"The only way to counter the “testing and accountability” movement (which has failed miserably at improving our students’ learning)..."

You are a victim of a common confusion. Testing is the messenger who brings news of the state of learning. All that testing does it tell educationists that they have or have not succeeded in what they are supposed to do.

A thermometer analogy will immediately reveal the fallaciousness of your statement. Visualize an outdoor thermometer that shows the temperature to be five below zero and then imagine someone cursing that the thermometer has failed to raise the temperature to a cozy 75 degrees.

"Kids born to white-collar parents attend schools where—hey—if you can’t answer the lower-order questions, but are successful when answering questions that call for synthesis, comparison, etc., you’re creative and gifted!"

Don't worry about the white-collar parents' kids supposed ability to do synthesis and comparison. They can't synthesize and compare if there is nothing to synthesize and compare. The Bloom levels are inextricably linked. One level can't happen without the preceding level. You need ingredients to bake. You erroneously assume white-collar parents' kids can bake with thin air.

My comment regarding the “testing and accountability” movement is not an anti-testing statement, but rather a refutation that testing alone can increase student learning.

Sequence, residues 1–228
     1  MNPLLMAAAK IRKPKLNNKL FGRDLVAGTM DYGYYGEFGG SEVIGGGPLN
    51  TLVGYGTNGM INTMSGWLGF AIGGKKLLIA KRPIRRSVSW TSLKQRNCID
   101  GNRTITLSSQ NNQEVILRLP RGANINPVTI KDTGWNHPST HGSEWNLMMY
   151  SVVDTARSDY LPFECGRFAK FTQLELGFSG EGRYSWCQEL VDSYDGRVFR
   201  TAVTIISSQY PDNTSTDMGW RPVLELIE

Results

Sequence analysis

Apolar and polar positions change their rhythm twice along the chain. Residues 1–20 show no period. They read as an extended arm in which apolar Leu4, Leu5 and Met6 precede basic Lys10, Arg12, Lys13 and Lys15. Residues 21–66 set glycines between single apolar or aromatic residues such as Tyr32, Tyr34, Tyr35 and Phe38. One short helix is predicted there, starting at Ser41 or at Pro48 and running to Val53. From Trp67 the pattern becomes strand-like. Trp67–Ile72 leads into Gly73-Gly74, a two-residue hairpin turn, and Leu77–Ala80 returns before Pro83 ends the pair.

The underlining erroneous assumption by the “testing and accountability” movement is that with transparency (tests) and holding teachers/schools accountable for student learning, student learning will necessarily increase. Clearly, even with NCLB and the yearly testing (grades 3-8), student learning has not increased as the NAEP scores (and plenty other test scores) have shown.

Increasing student learning (as demonstrated on tests) requires a different approach altogether. Our teachers can not be considered “part of the problem” as the accountability aspects of NCLB imply. But rather teachers need to be an integral part of the solution toward increasing student learning.

The current educational reforms centered on of holding schools/teachers “accountable” fail to realize that schools/teachers do not have a viable path forward or systems in place to improve curricula or teaching practice. The “how” to improve student learning is missing.